Feasibility of targeted early detection for melanoma: a population-based screening study.
British Journal of Cancer
Cancer Research UK
BJC open article. From twelve months after its original publication, this work is licensed under the Creative Commons Attribution-NonCommercial-Share Alike 3.0 Unported License. To view a copy of this license, visit http://creativecommons.org/licenses/by-nc-sa/3.0/
The feasibility of targeted screening for cutaneous malignant melanoma in the UK using a postal questionnaire and invitation to screening by a consultant dermatologist was investigated in a population based cross-sectional survey. A total of 1600 people aged 25-69 years, stratified by the social deprivation score of wards within one general practice, were randomly selected from a population of 8000.1227 (77%) returned the questionnaire and 896 (56%) attended the screening clinic. Uptake was lower for men (P<0.001), those aged under 50 (P<0.001), people from deprived areas (P<0.001) and skin types III and IV (men only, P<0.001). Twenty per cent of women and 10% of men felt nervous about attending the clinic, but only 4% were worried by the questionnaire. The level of agreement between the self- and dermatologist's assessments of risk factors was best for hair colour (Kappa = 0.67, sensitivity 73% and specificity 98%). People tended to under-report their level of risk. Over 95% knew about at least one major sign, but 54% reported incorrect signs of melanoma. Targeted screening for melanoma in the UK will be hampered by difficulties in accurately identifying the target population. Strategies to improve skin self-awareness rather than screening should be developed and evaluated.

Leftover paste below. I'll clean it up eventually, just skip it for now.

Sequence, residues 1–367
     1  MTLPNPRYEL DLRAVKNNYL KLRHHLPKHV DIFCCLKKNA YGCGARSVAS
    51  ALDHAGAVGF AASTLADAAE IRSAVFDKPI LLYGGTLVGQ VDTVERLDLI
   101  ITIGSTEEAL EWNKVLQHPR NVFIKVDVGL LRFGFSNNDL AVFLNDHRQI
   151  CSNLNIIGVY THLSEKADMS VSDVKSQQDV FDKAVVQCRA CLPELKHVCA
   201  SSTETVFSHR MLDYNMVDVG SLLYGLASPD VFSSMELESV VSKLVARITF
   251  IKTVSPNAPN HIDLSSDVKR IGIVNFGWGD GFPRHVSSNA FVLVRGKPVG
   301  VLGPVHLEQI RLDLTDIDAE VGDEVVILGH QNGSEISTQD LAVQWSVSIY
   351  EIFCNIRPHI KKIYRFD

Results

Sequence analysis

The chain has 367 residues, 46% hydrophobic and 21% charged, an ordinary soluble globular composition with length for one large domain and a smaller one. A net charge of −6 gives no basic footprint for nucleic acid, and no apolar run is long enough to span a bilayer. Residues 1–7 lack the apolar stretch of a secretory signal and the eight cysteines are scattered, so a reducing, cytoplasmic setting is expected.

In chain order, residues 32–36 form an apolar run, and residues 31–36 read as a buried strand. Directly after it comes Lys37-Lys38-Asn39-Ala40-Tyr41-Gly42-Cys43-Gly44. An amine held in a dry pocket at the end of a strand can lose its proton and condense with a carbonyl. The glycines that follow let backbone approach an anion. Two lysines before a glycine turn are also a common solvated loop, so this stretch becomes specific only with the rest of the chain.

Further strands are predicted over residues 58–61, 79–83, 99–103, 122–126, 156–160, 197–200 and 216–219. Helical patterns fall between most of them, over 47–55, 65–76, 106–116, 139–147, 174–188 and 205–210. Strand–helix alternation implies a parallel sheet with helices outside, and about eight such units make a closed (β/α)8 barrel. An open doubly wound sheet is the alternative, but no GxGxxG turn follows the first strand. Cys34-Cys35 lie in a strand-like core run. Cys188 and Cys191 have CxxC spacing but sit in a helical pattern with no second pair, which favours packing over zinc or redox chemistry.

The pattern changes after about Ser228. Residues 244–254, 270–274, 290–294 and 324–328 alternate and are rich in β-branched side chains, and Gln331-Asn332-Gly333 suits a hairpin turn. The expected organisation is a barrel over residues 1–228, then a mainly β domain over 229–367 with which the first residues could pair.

Department of Health
Research Support, Non-U.S. Gov't
Copyright © 2000 Cancer Research Campaign
Vol. 82, pp. 1605 - 1609
Place of publication